Opinion: Takeways from the 2024 Mining Indaba

13th February 2024

In this article, policy advisor and Associate Fellow of Chatham House Sheila Khama writes that the Investing in African Mining Indaba is progressively repositioning itself internally but also being shaped by external forces.

Just 15 years ago, being a miner felt like pushing water uphill. The industry was viewed by Development Finance Institutions (DFIs), donors, civil society and fund managers as the environment’s enemy number one. Not anymore and instead, thanks to demand for metals driven by industries for transition to clean energy and digital technologies, the world has come full circle and mining is now one of the vehicles for a decarbonized world. The question is no longer whether we should mine, but how fast and how much more. Public policy focuses on the need for responsible mining based on accepted Environment, Social and Governance standards (ESG). Fund managers are on board but demand “Impact Investing” to ensure mutual benefits by all stakeholders while minimizing project physical and carbon footprint.

It was clear that African policymakers punched below their weight on matters of critical minerals trade and investments. The conversation on security of supply of metals continued to be dominated by the industrialized world. But for Americans, Chinese, and Europeans governments and investors, Africa remains firmly on the radar’s screen. UK Critical Minerals Strategy – GOV.UK (www.gov.uk) What was missing however were initiatives led by African policymakers to advance Africa’s needs. Specifically missing were debates on what minerals are necessary to industrialize the region. The region’s strategy is a response to others instead of being one driven by enlightened self-interest as one might expect. If this matter is not addressed, the region risks missing out on benefits from green industrialization. https://www.project-syndicate.org/commentary/how-africa-can-manage-mineral-deposits-by-marit-kitaw-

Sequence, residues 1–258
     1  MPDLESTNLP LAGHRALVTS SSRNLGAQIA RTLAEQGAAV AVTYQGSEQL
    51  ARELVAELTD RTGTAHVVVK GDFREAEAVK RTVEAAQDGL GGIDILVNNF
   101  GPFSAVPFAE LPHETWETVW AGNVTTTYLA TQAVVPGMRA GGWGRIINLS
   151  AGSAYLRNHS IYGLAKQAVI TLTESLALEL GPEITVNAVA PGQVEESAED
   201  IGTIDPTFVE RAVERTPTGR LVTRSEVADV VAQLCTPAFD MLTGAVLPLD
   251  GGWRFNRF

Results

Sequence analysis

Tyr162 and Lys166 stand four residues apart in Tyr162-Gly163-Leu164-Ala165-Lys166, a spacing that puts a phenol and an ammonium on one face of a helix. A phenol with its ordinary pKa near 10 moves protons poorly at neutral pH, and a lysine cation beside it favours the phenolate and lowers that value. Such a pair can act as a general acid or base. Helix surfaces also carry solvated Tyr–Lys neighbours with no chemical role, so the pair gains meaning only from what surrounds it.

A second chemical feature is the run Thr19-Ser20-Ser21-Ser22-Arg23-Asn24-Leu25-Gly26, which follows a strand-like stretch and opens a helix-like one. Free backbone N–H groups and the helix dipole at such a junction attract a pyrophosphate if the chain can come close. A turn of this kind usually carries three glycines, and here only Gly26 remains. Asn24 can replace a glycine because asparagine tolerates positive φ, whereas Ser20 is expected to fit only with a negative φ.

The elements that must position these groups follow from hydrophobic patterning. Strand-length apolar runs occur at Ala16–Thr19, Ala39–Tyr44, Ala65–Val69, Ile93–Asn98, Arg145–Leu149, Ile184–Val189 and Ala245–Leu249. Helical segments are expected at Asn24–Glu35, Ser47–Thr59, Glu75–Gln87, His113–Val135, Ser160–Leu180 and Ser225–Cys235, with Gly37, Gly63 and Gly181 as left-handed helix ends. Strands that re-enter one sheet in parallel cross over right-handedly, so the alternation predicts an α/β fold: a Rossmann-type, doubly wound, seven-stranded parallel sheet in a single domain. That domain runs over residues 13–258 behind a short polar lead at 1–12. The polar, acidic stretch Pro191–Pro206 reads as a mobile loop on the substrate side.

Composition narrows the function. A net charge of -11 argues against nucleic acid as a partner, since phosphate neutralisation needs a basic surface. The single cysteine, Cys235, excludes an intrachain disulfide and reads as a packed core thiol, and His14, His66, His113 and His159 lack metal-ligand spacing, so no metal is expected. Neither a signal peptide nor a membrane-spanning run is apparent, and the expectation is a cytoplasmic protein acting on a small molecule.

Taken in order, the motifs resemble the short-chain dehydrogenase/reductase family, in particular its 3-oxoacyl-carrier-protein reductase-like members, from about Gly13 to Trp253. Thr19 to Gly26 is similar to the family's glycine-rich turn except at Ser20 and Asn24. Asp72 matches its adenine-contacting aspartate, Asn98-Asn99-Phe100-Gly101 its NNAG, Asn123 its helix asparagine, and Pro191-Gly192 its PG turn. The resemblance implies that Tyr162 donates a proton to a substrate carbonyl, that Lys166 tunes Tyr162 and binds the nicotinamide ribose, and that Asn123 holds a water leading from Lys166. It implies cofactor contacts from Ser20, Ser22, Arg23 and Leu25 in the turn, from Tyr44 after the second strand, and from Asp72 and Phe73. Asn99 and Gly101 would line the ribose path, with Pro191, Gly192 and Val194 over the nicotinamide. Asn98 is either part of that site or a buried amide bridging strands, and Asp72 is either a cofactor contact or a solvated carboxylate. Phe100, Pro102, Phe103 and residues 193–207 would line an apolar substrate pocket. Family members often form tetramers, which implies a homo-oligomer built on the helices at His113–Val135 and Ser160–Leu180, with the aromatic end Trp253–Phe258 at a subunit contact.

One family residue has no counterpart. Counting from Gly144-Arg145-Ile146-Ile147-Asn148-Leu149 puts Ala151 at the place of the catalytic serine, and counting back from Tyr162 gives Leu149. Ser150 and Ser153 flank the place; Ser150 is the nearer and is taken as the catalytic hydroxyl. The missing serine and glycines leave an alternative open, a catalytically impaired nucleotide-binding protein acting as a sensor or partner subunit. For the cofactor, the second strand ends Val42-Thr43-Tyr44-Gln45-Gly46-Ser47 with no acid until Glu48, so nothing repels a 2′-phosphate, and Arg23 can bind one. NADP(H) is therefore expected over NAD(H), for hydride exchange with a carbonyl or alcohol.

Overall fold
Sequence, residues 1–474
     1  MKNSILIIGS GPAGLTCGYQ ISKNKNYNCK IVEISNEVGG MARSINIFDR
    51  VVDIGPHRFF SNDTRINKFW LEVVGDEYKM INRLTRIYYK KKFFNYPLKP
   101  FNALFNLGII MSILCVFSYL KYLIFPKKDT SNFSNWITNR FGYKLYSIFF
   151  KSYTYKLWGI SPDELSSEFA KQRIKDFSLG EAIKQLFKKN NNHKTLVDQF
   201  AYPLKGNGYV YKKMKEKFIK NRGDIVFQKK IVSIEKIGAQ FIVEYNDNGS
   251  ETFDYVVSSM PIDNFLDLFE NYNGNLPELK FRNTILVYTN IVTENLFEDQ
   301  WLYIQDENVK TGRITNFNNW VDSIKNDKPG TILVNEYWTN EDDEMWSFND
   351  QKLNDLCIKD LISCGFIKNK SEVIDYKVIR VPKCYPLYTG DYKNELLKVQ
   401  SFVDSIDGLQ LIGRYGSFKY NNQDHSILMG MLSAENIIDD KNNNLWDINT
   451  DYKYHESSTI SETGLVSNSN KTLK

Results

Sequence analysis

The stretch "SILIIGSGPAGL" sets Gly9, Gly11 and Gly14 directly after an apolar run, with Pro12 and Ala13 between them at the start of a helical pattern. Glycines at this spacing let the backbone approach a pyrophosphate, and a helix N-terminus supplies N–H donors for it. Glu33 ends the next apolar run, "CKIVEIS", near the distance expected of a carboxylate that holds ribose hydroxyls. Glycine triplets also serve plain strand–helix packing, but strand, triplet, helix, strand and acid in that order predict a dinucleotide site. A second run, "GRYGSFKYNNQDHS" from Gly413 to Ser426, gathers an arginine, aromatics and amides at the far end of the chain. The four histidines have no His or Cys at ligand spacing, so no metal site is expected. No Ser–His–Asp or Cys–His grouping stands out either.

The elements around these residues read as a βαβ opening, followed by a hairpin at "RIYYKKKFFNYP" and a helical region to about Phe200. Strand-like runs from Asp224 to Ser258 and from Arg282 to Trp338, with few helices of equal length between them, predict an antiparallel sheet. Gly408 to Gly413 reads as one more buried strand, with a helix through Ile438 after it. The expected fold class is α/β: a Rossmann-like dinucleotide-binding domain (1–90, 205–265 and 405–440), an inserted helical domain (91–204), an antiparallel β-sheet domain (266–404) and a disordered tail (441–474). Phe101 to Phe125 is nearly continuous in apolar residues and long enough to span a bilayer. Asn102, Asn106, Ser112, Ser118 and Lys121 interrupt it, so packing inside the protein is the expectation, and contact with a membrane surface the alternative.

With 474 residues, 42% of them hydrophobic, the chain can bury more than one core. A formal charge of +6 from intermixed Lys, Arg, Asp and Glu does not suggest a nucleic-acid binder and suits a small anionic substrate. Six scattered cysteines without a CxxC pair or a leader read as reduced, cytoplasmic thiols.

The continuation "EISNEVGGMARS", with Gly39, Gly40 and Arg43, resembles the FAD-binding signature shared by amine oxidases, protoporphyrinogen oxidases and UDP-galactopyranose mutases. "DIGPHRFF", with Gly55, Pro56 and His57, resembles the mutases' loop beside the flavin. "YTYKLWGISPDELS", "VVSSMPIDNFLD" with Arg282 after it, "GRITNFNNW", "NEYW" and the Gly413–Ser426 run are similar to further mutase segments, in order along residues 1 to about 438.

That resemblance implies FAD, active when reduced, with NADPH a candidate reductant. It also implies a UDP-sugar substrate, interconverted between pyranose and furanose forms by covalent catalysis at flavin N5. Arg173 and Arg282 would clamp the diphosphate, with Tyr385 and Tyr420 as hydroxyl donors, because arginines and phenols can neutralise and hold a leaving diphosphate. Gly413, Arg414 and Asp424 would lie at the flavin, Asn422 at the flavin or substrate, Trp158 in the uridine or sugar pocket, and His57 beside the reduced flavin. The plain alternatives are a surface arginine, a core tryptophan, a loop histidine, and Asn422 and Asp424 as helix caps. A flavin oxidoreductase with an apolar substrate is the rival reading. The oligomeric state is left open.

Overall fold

The mineral value chain is increasingly getting compressed. Wherein for 30 years conference activities concentrated on upstream activities, this time the program included manufacturers of cars, batteries and other technologies relating to transition to clean energy. Not surprising because to secure supply of metals for decarbonized industrial processes and goods, manufacturers increasingly see value in investing upstream. On the other hand, in order to capture value from increased demand, some miners are contemplating investing in manufacturing.

The US ramped up its presence again. The contingent included, Amos J. Hochstein, who is the Special Presidential Coordinator for Global Infrastructure and Energy Security. Amos J. Hochstein – United States Department of State, Chairwoman of US EXIM Bank, https://www.exim.gov, Ms Reta Jo Lewis and Ms British Robinson head of Our Partners – Prosper Africa. This presence and the investment by US firms in the Lobito Corridor Project. Supply Chain Latest: US Lobito Corridor project in Africa – Bloomberg and possibly the rail between the DRC and Zambia attest to Washington’s seriousness to engage African stakeholders and especially in the area of minerals and infrastructure.